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How does sports medicine address the demands of specific athletes?
Transcript of How does sports medicine address the demands of specific athletes?
- smaller limbs in proportion to torso size, more surface area in the torso to lose the small amount of fluid in their bodies
-less developed sweat glands, meaning a decreased ability to cool the body
-less muscular development, less able to generate heat from muscular activity
To minimise the chances of dehydration children should not exercise for long periods of time (>30 min) in extreme temperatures, drink small amounts of water/fluids frequently so that there is no major fluctuations in fluid levels in the body and also wear suitable clothing for the activity. Asthma Epilepsy Diabetes Asthma is a narrowing of the airways that makes breathing difficult. Asthma is especially impeding on a childs exercise when they suffer 'exercise-induced asthma' (as shown in video). Coaches need to be aware of procedures that need to be followed for an asthma sufferer in the situation of the child having an asthma attack and to prevent that situation arising. Coaches should be especially cautious in cold, dry conditions and high intensity and extended activities. The following needs to be considered and put into place for a coach training an asthmatic:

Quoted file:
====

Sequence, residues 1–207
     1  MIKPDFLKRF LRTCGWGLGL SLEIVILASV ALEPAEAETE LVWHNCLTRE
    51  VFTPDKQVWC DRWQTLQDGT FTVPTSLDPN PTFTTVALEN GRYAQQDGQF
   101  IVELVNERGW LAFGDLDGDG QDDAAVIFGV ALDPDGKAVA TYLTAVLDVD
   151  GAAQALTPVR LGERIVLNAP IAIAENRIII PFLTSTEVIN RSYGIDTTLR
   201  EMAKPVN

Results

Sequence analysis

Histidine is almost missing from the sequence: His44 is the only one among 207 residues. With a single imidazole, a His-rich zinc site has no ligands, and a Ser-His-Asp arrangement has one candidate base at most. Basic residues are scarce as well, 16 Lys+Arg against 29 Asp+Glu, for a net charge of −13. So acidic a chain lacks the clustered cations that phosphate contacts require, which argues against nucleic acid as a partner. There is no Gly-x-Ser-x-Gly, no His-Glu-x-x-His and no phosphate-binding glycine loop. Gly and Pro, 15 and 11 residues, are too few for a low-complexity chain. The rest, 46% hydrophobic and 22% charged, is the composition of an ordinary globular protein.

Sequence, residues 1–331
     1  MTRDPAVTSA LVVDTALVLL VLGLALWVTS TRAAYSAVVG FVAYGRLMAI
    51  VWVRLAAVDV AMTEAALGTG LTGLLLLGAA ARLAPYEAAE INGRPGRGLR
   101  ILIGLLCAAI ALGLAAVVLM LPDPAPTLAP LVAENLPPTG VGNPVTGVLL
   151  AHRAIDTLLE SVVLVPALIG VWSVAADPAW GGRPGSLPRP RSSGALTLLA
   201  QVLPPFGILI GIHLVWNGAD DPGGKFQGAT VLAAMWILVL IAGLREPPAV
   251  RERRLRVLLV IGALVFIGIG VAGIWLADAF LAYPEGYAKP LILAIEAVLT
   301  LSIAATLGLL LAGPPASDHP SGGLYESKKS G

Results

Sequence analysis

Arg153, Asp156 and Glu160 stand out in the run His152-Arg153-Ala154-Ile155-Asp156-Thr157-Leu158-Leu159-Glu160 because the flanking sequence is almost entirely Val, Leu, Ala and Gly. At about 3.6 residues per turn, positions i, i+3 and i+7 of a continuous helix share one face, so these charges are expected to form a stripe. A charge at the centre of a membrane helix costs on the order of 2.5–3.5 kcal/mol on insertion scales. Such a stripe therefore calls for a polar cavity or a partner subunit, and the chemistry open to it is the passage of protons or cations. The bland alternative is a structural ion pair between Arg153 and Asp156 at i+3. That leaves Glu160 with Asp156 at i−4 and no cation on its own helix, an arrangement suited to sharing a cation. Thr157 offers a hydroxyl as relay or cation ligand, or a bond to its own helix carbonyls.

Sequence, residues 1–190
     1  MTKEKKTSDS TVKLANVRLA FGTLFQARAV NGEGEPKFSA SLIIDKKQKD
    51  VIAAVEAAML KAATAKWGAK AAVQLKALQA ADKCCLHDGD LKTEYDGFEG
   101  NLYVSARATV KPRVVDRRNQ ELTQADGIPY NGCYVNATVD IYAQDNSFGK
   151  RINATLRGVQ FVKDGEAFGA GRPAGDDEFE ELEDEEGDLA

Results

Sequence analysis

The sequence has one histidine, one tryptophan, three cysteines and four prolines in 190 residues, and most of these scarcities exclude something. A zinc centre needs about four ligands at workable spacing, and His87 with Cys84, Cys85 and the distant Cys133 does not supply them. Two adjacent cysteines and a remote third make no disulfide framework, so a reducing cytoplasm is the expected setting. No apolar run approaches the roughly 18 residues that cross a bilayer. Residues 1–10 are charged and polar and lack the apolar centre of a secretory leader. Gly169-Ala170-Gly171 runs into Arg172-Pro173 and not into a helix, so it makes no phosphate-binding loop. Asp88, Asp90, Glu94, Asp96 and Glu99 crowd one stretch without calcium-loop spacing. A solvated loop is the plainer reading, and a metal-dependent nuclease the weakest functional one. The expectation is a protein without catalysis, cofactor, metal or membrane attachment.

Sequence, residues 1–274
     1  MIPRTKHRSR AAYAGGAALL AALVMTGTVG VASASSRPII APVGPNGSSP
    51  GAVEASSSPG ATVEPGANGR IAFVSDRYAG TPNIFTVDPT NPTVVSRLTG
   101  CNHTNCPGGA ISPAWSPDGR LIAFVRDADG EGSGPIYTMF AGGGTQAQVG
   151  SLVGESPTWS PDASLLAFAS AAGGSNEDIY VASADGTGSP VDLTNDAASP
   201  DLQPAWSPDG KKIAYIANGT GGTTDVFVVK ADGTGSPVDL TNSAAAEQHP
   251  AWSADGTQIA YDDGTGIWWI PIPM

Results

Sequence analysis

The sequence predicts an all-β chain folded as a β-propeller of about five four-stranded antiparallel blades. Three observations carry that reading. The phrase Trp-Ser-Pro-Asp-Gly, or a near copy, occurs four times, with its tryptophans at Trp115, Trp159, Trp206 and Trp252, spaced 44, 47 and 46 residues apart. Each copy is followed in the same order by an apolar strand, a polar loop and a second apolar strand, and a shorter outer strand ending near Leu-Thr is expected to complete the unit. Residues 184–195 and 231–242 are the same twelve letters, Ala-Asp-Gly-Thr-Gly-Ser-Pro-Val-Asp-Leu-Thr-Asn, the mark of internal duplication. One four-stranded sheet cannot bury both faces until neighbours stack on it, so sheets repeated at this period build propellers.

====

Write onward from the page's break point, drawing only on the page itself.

- Adequate warm up
- Ask if there is any recent history of an asthma attack
- Provide rest periods
- Allow use of preventative medication(ventalin) and ensure it is near them at all times.
- Know the childs limits
- Know the childs management techniques if an asthma attack occurs Epilepsy is a disorder in which the electrical rhythms in the CNS are disturbed causing seizures. Seizures are also known as 'fits', are when the person starts to have uncontrollable muscle contractions. Both the athlete and the coach need to know the limits of the child to prevent seizures from occuring. If a seizure occurs:
- allow the seizure to occur without restraint.
- make sure there are no dangers, as they can injure both the patient or the first aider
- ensure that the athlete is given appropriate rest after the seizure has finished as the patient will have lost alot of energy during the seizure.
- seek medical attention if the episode is longer than 10 minutes